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Institutional Change in STEM Education

Institutional Change in STEM Education

Michelle Smith

University of Maine

Date: November 10, 2013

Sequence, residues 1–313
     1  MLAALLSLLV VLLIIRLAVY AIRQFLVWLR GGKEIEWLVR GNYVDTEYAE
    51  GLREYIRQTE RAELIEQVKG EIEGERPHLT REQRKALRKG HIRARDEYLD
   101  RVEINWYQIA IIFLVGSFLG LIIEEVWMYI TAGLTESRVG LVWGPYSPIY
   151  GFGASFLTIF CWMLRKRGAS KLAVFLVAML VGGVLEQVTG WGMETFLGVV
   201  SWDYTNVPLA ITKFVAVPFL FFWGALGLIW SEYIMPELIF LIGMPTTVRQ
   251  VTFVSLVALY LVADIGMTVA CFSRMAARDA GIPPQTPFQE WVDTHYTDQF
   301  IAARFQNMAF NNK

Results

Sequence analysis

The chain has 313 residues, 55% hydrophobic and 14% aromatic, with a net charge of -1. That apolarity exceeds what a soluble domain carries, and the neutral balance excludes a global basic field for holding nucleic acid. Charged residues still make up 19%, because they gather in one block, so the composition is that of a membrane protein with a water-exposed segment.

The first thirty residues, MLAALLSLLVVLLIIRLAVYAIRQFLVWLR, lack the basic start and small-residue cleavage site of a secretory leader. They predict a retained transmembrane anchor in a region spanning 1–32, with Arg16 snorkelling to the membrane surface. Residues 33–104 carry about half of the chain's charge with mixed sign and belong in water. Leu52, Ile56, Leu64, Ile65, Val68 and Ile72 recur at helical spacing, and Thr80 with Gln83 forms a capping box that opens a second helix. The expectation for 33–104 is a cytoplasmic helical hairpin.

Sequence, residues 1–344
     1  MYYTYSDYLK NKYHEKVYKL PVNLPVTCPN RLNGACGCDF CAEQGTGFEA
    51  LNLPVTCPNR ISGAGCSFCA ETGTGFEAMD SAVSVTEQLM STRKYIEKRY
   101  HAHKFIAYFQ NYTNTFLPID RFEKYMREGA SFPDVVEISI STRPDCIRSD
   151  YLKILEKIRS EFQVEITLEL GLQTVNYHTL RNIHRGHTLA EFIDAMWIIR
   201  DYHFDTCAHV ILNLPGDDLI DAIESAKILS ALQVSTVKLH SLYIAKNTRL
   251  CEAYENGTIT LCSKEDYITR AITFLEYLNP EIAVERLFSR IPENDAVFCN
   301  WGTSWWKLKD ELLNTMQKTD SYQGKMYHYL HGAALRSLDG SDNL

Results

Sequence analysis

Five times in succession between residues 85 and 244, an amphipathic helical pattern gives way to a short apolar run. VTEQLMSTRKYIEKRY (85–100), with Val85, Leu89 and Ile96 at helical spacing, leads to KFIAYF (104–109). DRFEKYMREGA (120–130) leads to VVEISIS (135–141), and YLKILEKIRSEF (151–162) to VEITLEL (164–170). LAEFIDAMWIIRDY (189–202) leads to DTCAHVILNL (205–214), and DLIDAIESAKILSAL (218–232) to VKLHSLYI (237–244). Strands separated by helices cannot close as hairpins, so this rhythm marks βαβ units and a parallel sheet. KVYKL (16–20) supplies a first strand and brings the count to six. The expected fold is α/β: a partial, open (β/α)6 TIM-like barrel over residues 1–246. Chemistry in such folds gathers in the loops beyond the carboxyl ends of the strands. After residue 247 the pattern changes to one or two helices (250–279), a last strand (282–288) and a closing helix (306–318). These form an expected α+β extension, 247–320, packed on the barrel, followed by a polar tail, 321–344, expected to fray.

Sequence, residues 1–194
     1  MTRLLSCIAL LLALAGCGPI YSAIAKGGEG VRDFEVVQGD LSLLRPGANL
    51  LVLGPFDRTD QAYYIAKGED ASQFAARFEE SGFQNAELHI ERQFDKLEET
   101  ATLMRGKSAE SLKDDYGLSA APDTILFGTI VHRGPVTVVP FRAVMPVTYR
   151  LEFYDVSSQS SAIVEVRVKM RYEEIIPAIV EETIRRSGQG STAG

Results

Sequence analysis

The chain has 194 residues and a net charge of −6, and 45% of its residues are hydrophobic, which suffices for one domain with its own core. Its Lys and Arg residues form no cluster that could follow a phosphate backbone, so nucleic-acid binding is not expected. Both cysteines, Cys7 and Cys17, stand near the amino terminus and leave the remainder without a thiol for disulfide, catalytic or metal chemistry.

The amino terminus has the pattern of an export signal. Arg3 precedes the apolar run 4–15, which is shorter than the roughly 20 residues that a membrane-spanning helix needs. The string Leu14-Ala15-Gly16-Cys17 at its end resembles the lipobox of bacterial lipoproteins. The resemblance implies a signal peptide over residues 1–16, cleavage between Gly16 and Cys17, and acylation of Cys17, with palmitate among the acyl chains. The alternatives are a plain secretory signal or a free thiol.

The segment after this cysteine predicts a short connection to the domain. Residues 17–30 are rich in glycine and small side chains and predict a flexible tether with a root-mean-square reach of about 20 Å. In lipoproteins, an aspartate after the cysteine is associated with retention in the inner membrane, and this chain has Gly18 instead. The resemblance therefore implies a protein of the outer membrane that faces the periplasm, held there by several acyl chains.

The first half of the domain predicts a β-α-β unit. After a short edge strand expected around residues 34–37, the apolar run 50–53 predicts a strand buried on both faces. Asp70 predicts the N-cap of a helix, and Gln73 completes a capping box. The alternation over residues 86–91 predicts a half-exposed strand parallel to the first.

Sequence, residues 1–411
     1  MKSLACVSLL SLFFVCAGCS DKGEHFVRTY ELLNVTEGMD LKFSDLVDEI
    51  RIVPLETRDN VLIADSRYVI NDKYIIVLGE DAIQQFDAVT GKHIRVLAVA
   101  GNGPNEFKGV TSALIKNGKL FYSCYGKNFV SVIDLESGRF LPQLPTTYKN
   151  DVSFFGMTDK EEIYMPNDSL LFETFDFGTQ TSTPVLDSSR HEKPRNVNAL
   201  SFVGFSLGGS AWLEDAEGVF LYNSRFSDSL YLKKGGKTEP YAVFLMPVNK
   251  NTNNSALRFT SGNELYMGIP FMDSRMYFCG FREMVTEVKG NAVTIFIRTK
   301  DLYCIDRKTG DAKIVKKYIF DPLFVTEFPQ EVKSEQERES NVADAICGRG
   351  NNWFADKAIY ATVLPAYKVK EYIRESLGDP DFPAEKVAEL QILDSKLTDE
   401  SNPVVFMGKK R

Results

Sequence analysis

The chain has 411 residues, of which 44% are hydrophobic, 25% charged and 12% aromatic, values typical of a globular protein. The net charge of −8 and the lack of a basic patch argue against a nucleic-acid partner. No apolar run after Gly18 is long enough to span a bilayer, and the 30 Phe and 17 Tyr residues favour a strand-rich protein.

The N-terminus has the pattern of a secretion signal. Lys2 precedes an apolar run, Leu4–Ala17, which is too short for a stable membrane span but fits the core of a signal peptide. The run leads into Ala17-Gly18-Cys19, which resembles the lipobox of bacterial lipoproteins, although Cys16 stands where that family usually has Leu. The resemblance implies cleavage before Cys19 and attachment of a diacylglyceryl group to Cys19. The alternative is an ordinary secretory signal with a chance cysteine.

Instructors, and the teaching practices they employ, play a critical role in improving student learning in college Science, Technology, Engineering, and Mathematics (STEM) courses. Consequently, there is increasing interest in assessing student content knowledge at multiple points in the curriculum and collecting information on the range and frequency of teaching practices at department-wide and institution-wide scales. Dr. Michelle Smith (University of Maine) has developed two new tools to facilitate assessment of teaching and learning in STEM: a comprehensive content assessment taken by first-year and graduating biology undergraduates called Bio-MAPS; and a classroom observation  protocol for undergraduate STEM courses - called COPUS - that allows STEM faculty to reliably characterize how faculty and students are spending their time in the classroom. Dr. Smith will discuss how Bio-MAPS and COPUS are being used to guide individual and institutional change.